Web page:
Well, they were both our teams, but we picked the New England Patriots, so in that sense, we lost. A huge mazel tov to the New York Giants, now one of only five franchises (can you name the others?*) to have won four or more Super Bowls. During the Patriots’ first offensive drive—which was the second time they had the ball, given Tom Brady’s dumb safety on their first offensive snap of the game—it rapidly became apparent that the Giants were the better team, as the Patriots’ greatest mismatch on offense, tight end Rob Gronkowski, was clearly going to be a shadow of his usual self due to the high-ankle sprain he sustained in the conference championship two weeks ago against the Baltimore Ravens. That the Pats managed to be up 10-9 going into halftime (and receiving the upcoming kick-off) was a triumph of game-planning, eating up clock while driving down the field (and finishing with a touchdown), and a weird reliance on running back Danny Woodhead. It was impressive, but it shouldn’t have been enough, and it wasn’t.
This was a game that came down to two big late-fourth quarter plays: Brady’s incompletion to Wes Welker, his (and the League’s) top receiver, which would have extended the Pats’ drive and possibly allowed them, then holding a 17-15 lead, to put the game away; and, on the first play of the Giants’ subsequent drive, Eli Manning’s 38-yard connection with Mario Manningham up the left sideline. The comparisons of this play to the David Tyree helmet catch of four years ago were facile, even obscene: That earlier play was a bizarre, mystical instance of a young quarterback escaping a sure sack and aimlessly chucking the ball down the field and a no-name receiver guarded by a future Hall of Fame safety miraculously pulling it down; last night’s play was an instance of a proven, clutch, veteran, elite quarterback picking apart a mediocre defense and a favorable alignment with a millimeter-perfect pass. (Here is an excellent dissection of the two plays.)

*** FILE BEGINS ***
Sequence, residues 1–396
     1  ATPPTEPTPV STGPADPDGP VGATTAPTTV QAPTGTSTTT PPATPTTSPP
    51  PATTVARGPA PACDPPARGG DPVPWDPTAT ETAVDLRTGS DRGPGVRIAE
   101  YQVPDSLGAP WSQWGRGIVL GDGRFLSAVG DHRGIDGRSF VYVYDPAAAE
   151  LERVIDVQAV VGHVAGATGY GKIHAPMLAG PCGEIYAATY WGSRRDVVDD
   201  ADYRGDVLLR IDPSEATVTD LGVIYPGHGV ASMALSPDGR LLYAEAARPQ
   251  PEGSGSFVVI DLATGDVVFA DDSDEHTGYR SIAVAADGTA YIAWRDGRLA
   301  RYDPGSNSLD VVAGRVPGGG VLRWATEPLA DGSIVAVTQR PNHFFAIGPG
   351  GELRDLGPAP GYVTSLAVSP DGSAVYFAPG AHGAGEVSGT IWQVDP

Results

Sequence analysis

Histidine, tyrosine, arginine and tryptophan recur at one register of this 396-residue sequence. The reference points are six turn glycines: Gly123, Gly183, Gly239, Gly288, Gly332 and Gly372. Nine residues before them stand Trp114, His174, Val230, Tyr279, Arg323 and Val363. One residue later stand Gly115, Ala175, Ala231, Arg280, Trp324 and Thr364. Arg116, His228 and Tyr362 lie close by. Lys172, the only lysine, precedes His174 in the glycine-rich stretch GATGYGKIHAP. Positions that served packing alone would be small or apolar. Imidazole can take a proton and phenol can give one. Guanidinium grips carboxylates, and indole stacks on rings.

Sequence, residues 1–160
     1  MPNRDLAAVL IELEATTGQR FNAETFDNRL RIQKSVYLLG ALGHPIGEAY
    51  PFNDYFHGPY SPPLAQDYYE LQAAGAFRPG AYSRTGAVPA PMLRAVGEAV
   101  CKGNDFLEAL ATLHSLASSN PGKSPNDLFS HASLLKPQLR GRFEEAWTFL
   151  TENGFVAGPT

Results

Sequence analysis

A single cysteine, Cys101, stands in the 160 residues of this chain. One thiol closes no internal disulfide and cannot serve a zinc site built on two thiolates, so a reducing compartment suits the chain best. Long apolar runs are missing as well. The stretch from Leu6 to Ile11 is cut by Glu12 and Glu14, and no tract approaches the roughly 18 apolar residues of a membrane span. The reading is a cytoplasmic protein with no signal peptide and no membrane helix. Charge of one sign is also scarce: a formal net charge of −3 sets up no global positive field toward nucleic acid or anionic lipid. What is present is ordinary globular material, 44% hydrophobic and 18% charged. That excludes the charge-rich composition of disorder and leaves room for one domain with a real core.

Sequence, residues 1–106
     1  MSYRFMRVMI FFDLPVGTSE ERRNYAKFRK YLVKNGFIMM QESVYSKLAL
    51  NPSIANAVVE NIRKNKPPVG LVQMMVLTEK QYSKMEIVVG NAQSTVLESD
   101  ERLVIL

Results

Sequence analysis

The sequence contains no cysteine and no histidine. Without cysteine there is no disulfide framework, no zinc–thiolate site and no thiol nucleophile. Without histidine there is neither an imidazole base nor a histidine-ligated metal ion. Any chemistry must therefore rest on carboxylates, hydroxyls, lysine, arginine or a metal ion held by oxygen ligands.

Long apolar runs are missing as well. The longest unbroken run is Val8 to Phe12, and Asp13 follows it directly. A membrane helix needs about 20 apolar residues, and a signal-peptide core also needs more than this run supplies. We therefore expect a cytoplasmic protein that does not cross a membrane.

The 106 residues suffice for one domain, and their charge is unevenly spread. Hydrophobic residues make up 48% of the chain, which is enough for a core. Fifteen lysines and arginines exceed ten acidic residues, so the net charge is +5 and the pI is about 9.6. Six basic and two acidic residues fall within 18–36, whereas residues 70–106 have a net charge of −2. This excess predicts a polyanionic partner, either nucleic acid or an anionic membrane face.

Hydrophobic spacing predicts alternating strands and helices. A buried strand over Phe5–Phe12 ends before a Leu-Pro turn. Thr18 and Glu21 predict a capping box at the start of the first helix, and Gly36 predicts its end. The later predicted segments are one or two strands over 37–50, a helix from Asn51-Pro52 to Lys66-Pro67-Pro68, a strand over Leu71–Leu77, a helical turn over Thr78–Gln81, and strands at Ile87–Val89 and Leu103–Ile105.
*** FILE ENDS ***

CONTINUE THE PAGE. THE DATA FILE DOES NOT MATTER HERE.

Analyst Michael Lombardi noted this morning that much credit for the Giants’ two Super Bowls should go to Ernie Accorsi, New York’s general manager for more than a decade, who retired before the season of their last Super Bowl but a few years before had insisted on forgoing Ben Roethlisberger and Philip Rivers for the services of Peyton’s scrawny little brother Eli (he also drafted defensive lineman Justin Tuck, arguably the Giants’ other most valuable player, and hired coach Tom Coughlin). Accorsi is Jewish.
Nextbook Inc. executive director Morton Landowne, a Giants season-ticket-holder for 50 years, was privileged enough to be at the game and emailed last night requesting a tutorial on Coach Bill Belichick’s decision to allow the Giants to score late in the game last night (and running back Ahmad Bradshaw’s seeming reluctance to oblige). Essentially: The Giants had a field position where, if they wanted it, a go-ahead field goal was virtually guaranteed, and they could have run more time off the clock to do it; Belichick was in a sense choosing to need a touchdown to win, with a minute left, over needing a field goal to win, with perhaps fewer than 20 seconds left. This was statistically the correct call. But the Pats were unable to score that touchdown.
And how about that halftime show! (If you didn’t enjoy it, you had set your bar too high.) Yesterday also saw the announcement that Madonna will launch her world tour on May 31 at Ramat Gan Stadium, outside Tel Aviv.
Earlier: Go, Pats
* Green Bay Packers (4), Dallas Cowboys (5), San Francisco 49ers (5), Pittsburgh Steelers (6).
Marc Tracy is a staff writer at The New Republic, and was previously a staff writer at Tablet. He tweets @marcatracy.